The interdisciplinary education I received at MIT has given me a wide range of knowledge. It has helped me reflect on the importance of all disciplines and understand the different perspectives people can have on a variety of issues. I am interested in the education field, where it is immensely important to understand the different ways people think, learn, and act; my humanities and technical classes have prepared me well for this.

What are your plans for the future?

After graduation I will be working as a curriculum developer at Codecademy in New York.


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 “Economics opened up a whole new world and way of thinking for me.”



Seeta Salgia Patel
Major:
Materials Science and Engineering
Minors: Energy Studies, Economics
Vision: Position an analyst in energy/sustainability; then an MBA with a focus on the energy industry

 

What have you most enjoyed about studying economics?

My economics journey started when I took 14.01 Principles of Microeconomics as a requirement for the energy studies minor. I thoroughly enjoyed the class. Even though it was an introductory class, it covered such a wide breadth of topics that it opened up a whole new world and way of thinking for me. Based on this experience, I decided to concentrate in economics and eventually declare it as my second minor.

My favorite economics class has been 14.43 Economics of Energy, Innovation, and Sustainability with Assistant Professor Jing Li. It was my first foray into studying energy markets from an economic and policy-based perspective. The class gave me a more holistic understanding of the different factors that need to work together to effect change in energy and electricity markets.

How have you combined your interests in this field with your other major or minor studies at MIT?

Studying economics has exposed me to several aspects of the energy industry — from the nuances of energy problems faced by countries around the world to the challenges that are preventing deep decarbonization of the electrical power supply. I also learned about the problems electrical utilities face because of the increasing prevalence of distributed energy resources in the market.

What are your plans for the future? 

I will be working as an analyst for Guidehouse in the area of energy, sustainability, and infrastructure. Later, I plan to enroll in business school in the hopes of making an even larger mark on the energy industry.
 

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“Economics taught me that it's important to not only know how to solve a problem, but also to know why you're solving it. As economists,the problems we try to solve and analyze are all fundamentally grounded in our humanity."



Ryan Sander
Dual Majors:
Electrical Engineering and Computer Science; Mathematical Economics
Vision: Applying technical skills to real-world problems that involve people; first step: an MEng in artificial intelligence at MIT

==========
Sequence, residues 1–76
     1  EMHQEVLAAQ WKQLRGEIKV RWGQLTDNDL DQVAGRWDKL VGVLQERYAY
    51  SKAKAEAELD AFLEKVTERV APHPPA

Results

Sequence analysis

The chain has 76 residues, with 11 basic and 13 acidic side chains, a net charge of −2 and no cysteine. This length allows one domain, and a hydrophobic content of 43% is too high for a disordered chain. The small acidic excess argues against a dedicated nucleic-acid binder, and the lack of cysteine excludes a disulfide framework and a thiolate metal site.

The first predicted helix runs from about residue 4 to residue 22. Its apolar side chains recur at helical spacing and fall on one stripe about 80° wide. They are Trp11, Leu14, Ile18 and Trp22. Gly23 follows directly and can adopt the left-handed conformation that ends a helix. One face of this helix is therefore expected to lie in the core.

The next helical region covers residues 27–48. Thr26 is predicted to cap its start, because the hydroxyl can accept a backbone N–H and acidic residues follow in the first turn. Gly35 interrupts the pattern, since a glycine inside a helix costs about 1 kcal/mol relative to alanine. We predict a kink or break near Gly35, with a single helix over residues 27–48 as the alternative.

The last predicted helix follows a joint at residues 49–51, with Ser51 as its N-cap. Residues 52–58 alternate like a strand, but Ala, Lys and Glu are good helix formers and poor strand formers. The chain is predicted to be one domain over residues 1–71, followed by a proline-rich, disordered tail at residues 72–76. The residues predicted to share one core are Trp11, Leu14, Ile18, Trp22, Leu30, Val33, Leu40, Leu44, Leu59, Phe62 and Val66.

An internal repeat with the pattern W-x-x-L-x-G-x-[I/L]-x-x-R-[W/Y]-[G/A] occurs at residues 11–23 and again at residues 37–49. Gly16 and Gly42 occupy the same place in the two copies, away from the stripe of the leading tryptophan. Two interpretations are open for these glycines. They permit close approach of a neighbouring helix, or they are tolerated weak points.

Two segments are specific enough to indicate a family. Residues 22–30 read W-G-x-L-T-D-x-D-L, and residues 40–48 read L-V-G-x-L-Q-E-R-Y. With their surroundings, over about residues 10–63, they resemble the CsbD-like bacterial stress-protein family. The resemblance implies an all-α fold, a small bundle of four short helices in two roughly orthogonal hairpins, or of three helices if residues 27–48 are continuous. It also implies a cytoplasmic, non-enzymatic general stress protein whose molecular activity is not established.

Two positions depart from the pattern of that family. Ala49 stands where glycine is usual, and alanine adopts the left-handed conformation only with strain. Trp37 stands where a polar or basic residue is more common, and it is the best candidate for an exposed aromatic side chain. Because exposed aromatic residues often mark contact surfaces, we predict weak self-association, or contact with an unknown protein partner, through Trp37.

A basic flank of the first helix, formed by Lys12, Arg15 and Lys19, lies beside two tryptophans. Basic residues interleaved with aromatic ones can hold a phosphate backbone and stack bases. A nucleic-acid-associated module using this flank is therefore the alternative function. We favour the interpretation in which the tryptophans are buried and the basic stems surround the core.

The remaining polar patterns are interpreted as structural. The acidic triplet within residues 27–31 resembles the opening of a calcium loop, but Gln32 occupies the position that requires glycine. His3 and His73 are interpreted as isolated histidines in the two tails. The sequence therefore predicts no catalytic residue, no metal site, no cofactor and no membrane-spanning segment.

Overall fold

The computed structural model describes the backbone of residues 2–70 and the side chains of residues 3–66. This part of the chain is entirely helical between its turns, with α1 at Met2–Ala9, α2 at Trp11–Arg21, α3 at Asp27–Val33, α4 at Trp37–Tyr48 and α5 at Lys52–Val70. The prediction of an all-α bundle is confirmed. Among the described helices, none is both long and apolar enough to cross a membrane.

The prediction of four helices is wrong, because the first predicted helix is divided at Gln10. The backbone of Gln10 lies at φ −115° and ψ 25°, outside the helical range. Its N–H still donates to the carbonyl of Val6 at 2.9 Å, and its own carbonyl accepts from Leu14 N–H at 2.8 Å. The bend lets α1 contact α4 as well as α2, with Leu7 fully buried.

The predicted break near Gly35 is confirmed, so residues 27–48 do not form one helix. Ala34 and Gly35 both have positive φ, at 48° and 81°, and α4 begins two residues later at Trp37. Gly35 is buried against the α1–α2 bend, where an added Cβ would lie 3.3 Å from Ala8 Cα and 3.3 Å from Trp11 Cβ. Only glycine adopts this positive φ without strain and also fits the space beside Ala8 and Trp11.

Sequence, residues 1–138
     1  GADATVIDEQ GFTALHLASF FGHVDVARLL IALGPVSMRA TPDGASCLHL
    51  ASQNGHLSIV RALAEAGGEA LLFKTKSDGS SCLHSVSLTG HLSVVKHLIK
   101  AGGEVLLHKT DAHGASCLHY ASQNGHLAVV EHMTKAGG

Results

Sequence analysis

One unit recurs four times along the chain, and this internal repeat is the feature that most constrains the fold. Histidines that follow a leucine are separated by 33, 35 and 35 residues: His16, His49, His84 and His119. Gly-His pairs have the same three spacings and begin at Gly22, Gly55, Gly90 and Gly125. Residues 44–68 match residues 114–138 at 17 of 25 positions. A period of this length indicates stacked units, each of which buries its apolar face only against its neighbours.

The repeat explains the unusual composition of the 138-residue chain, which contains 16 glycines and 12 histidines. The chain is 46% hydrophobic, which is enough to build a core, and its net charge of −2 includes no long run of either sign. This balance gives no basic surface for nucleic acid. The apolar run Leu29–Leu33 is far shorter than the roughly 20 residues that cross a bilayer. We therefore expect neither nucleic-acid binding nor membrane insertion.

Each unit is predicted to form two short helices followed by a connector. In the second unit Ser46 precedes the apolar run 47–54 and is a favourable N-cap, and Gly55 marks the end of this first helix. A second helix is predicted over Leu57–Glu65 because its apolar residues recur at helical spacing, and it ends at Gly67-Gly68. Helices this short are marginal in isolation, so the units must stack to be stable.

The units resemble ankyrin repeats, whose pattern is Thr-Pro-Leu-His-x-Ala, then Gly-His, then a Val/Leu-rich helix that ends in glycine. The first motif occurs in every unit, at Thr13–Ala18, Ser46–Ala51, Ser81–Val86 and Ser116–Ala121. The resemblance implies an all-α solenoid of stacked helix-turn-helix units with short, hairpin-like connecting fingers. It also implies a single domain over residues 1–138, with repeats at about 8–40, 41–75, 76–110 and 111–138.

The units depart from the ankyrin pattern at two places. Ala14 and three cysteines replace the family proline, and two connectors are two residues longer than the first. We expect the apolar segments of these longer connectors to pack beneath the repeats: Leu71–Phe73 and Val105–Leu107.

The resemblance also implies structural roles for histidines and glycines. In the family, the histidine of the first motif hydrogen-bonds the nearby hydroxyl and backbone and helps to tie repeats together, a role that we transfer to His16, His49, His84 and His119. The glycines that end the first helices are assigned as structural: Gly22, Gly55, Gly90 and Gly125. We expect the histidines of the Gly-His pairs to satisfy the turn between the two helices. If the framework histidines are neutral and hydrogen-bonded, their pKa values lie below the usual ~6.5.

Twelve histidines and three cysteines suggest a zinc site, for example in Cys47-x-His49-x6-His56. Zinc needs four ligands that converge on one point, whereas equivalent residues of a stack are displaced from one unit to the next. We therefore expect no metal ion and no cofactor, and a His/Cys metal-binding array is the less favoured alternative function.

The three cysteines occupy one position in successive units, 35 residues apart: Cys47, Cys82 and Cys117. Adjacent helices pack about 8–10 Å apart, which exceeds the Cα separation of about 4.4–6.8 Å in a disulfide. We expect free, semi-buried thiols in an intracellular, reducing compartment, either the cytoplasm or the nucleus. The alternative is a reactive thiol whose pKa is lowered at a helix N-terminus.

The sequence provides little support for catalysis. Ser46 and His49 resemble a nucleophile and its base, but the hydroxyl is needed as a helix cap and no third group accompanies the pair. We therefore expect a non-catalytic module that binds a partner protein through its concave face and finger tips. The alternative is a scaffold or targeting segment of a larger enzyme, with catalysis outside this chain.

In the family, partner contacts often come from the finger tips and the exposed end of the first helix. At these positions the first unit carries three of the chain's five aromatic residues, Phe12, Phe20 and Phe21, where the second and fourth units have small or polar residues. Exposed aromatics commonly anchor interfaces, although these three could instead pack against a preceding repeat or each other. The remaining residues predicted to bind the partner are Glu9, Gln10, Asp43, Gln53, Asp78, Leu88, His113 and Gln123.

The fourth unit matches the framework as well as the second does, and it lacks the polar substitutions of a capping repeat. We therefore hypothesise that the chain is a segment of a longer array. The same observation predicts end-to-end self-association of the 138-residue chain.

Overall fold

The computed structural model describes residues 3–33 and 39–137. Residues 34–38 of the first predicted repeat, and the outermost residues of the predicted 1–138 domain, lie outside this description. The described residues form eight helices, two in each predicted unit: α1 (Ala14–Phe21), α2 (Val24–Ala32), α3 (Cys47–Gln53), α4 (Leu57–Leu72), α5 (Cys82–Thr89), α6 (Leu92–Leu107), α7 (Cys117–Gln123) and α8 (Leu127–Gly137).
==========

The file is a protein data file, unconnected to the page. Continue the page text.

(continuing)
What have you most enjoyed about studying economics?

I've really enjoyed learning how to think "like an economist." 14.32 Econometrics in particular was the first class that showed me a new way of thinking about the world through a "causation vs. correlation" lens. While other majors focus on this type of thinking as well, I believe what makes this style of thinking come so naturally within economics is the fact that as economists, the problems we try to solve and analyze are all fundamentally grounded in our humanity. 

How have you combined your interests in this field with your other studies at MIT? What’s great about having this range of studies in your education? 

I'm also majoring in electrical engineering and computer science, with a specific focus in artificial intelligence (AI) and machine learning. Economics, particularly game theory and statistics, plays a major role in my studies, notably in my current research in multi-agent reinforcement learning. Additionally, the mathematics classes I've had the chance to take through the 14-2 program (mathematical economics), such as 18.100P Real Analysis and 18.085 Computational Science and Engineering, have significantly helped me with my studies and research in AI.

An MIT education includes study in the technical, humanistic, and scientific fields. How do you think that range of knowledge will be valuable for your career — and life?

Economics, for me, has been a crucial part of my studies that allows me to apply my technical skills to real-world problems involving people. Economics reminds me that it's important to not only know how to solve a problem, but also to know why you're solving it. Having had the opportunity to dedicate such a significant fraction of my studies to this field has allowed me to think more broadly about topics I may otherwise have never encountered. 14.73 The Challenge of World Poverty in particular stands out as a class that I'm so thankful to have taken, because this class inspired me to become more active with community service at MIT, and also to be thankful for all I have in my life.

What are your plans for the future? 

This summer, I'll be working as a data science and machine learning intern with Nasdaq, and this fall, I'll begin my MEng in artificial intelligence here at MIT. After my MEng is completed, I'll be working for the U.S. Department of Defense as an image scientist.


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 "I am very interested in the design of medical devices, and my knowledge of Spanish can be useful in providing these devices to South American countries. That would bring me great joy."
 

 

Booker Schelhaas
Major:
Mechanical Engineering
Minor: Spanish
Vision: First step: research on exoskeletons in Brazil on a Fulbright scholarship — and learning Portuguese!


What have you most enjoyed about studying Spanish?